Background: Regular exercise training has beneficial effects on quality of life, physical function, depression and anxiety in individuals with heart failure. Unfortunately, individuals with heart failure have low levels of adherence to exercise. Thus, studies are needed to assess intervention strategies which may enhance clinical outcomes. Aim: The aim of this study was to identify the components of the HEART Camp intervention, which contributed to optimizing clinical outcomes. Methods: The Heart Failure Exercise and Resistance Training Camp (HEART Camp) was a randomized controlled trial to evaluate the effect of a multicomponent intervention on adherence to exercise (6, 12 and 18 months) compared to an enhanced usual care group. This study assessed various components of the intervention on the secondary outcomes of physical function, health-related quality of life, depression, anxiety, and fatigue. Results: Individuals participating (n=204) in this study were 55.4% men and the average age was 60.4 (11.5) years. A combination of individualized and group-based strategies demonstrated clinical improvements, HEART Camp versus enhanced usual care groups, in physical function, positive trends in health-related quality of life and positive changes in the minimally important differences for depression, anxiety, and fatigue. Conclusions: Individualized coaching by an exercise professional and group-based educational sessions were identified as important components of patient management contributing to improvements in the secondary outcomes of physical function, health-related quality of life, depression, anxiety and fatigue.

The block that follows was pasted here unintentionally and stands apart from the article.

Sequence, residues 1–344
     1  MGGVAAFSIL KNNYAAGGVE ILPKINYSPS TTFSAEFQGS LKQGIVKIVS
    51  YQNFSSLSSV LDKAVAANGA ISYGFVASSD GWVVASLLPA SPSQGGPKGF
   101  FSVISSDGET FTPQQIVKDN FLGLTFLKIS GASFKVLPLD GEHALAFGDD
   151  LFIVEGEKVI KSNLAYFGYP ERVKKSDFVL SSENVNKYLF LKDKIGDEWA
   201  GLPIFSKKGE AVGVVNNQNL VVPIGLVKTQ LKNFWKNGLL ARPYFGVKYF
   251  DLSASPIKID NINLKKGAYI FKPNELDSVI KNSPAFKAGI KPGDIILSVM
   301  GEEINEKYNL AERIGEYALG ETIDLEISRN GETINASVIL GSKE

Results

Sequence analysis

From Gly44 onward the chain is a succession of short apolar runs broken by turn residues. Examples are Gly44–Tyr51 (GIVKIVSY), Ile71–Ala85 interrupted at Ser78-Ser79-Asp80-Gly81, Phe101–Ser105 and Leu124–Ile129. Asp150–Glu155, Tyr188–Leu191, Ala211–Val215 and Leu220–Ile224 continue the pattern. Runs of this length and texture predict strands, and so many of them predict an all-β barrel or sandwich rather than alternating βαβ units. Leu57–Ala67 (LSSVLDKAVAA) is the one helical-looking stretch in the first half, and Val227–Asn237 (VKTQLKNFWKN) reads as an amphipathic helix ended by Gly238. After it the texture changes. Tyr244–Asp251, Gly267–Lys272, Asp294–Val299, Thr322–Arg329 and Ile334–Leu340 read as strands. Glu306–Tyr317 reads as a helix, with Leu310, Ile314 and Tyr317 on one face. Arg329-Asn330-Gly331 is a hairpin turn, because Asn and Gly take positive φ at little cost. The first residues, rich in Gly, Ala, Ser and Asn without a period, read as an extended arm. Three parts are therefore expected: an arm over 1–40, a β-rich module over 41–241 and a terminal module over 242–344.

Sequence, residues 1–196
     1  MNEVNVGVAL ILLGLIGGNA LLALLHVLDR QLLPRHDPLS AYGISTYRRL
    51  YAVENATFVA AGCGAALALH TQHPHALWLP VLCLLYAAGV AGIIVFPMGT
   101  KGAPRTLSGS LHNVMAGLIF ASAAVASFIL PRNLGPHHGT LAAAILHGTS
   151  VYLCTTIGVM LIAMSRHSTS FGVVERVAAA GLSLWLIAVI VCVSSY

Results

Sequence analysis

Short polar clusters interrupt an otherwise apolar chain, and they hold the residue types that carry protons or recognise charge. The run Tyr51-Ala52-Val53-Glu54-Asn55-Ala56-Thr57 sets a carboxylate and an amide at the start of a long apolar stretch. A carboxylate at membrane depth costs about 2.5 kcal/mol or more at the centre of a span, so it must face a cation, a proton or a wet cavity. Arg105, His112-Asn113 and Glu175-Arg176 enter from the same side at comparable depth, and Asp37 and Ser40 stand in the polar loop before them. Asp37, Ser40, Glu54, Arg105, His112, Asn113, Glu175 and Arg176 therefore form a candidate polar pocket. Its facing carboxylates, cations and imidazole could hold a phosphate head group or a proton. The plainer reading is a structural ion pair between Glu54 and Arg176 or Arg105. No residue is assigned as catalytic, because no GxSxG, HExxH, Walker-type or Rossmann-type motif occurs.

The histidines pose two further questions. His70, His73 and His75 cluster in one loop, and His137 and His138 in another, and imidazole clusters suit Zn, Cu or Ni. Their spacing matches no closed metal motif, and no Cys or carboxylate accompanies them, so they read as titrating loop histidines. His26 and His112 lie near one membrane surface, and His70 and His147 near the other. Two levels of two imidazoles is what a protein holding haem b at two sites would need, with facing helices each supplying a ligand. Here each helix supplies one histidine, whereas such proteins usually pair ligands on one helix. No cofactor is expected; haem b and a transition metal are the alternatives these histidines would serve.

- Heart failure
- physical function
- quality of life
ASJC Scopus subject areas
- Cardiology and Cardiovascular Medicine
- Advanced and Specialized Nursing